As Gadamer presents it, truth happens in the action of interpretation rather than by being forced through the use of methodological approaches. It is a historical process that cannot be divorced from the past or from the questions and preunderstandings the interpreter brings to the text. It is a process whose success can be judged only over time and within the tradition of interpretation. Some view Gadamer as too conservative in trusting so much to the role of tradition in his work, arguing on behalf of an approach more like that of Jürgen Habermas, who allows for more possibility that social perspectives and political drives can act to alter interpretations in a distorted or expedient way so that tradition is to be as much suspected as praised. Others find that Gadamer rescues the human sciences from a false attempt to measure their value and truth by the application of rigid methodologies that try to bring natural and human sciences alike into the arena of an empirical logic. In either case he has acquired countless followers among philosophers, social scientists, theologians, literary critics, and other academics and has helped to enliven the tradition of the discussion of theories of interpretation.

Gadamer’s achievement rescued the word “hermeneutics” from obscurity in the indexes of theological tomes and made it a household word among students of the humanities. His work has been particularly influential in literary criticism, especially in studies of the readers’ reception of texts. Ironically, the conservative, scholarly Gadamer has often been cited by politically leftist critics eager to demolish the idea of a value-free, neutral truth. Although his greatest popularity was in the 1980’s, Gadamer’s works continue to be widely studied.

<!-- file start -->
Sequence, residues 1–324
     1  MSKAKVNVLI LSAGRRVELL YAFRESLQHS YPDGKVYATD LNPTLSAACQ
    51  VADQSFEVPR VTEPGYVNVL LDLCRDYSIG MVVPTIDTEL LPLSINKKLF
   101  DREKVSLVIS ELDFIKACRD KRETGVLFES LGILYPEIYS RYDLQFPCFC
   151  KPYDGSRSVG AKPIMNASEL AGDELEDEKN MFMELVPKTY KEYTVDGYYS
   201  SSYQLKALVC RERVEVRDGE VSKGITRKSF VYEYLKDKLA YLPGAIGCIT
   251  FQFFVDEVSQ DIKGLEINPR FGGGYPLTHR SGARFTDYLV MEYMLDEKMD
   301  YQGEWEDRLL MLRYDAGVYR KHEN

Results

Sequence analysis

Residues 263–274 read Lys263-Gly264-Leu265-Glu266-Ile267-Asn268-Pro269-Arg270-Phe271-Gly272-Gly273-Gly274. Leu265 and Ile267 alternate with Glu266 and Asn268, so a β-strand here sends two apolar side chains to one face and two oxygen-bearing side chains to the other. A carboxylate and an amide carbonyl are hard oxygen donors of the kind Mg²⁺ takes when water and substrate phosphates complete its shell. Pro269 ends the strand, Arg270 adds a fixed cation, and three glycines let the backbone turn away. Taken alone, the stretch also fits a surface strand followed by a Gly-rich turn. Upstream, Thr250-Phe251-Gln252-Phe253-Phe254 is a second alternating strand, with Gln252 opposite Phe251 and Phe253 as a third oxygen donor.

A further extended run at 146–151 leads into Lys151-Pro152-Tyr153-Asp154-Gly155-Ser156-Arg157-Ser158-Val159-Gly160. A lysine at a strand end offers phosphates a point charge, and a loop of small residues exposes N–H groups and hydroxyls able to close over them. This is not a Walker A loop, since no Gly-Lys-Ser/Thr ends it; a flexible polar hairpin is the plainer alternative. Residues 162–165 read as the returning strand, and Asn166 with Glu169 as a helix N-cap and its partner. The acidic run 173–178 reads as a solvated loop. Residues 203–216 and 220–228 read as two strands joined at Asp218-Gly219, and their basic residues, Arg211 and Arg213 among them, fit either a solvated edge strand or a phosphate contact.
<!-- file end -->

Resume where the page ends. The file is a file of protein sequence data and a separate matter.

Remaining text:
BibliographyDostal, Robert J., ed. The Cambridge Companion to Gadamer. New York: Cambridge University Press, 2002. This collection of thirteen essays serves as a introductory overview for those new to Gadamer’s philosophy and as a useful summary for those already acquainted with it.Grondin, Jean. Hans-Georg Gadamer: A Biography. Translated by Joel Weinsheimer. New Haven, Conn.: Yale University Press, 2003. An intellectual biography written by one of Gadamer’s former pupils. Draws on interviews with Gadamer and his friends and associates, correspondence, and archival research.Hahn, Lewis Edwin, ed. The Philosophy of Hans-Georg Gadamer. Library of Living Philosophers, vol. 24. Chicago: Open Court Press, 1996. The series in which this volume appears is designed to create a context in which great living philosophers can respond to critical essays on their works. This volume contains twenty-nine essays by leading experts on a variety of aspects of Gadamer’s works and his individual responses. The work also contains an excellent, comprehensive bibliography.Palmer, Richard. Hermeneutics. Evanston, Ill.: Northwestern University Press, 1969. This book was instrumental in introducing hermeneutics to an American audience. The clarity of Palmer’s presentation makes this volume an excellent starting point for someone wanting to understand the basic elements of Gadamer’s theory of interpretation.Risser, James. Hermeneutics and the Voice of the Other: Re-reading Gadamer’s Philosophical Hermeneutics. Albany: State University of New York Press, 1991. In this volume, Risser develops an insightful assessment of the single project reflected in the complexity of Gadamer’s thought: making sense of the act of understanding. This book will be most helpful to those readers who have already been introduced to Gadamer’s philosophy.Smith, P. Christopher. Hermeneutics and Human Finitude: Toward a Theory of Ethical Understanding. New York: Fordham University Press, 1991. Taking the philosophical thought of Gadamer on art and the interpretation of texts as a foundation, Smith carefully develops its implications for understanding what ethical knowledge consists of, concluding that ethical choices are best made by interpreting the voice of tradition.Weinsheimer, Joel. Gadamer’s Hermeneutics: A Reading of “Truth and Method.” New Haven, Conn.: Yale University Press, 1985. One of the translators of Gadamer’s Truth and Method, Weinsheimer presents a well-written, in-depth analysis of Gadamer’s most significant work. This volume is a helpful guide for the general reader and scholar alike.Wright, Kathleen, ed. Festivals of Interpretation: Essays on Hans-Georg Gadamer’s Work. Albany: State University of New York Press, 1990. A collection of essays by some of the most renowned European and North American scholars of Gadamer. Examines a wide range of topics, including the relation of hermeneutics to ethics and justice, the application of hermeneutical interpretation to the law, and the relation of poetry to politics.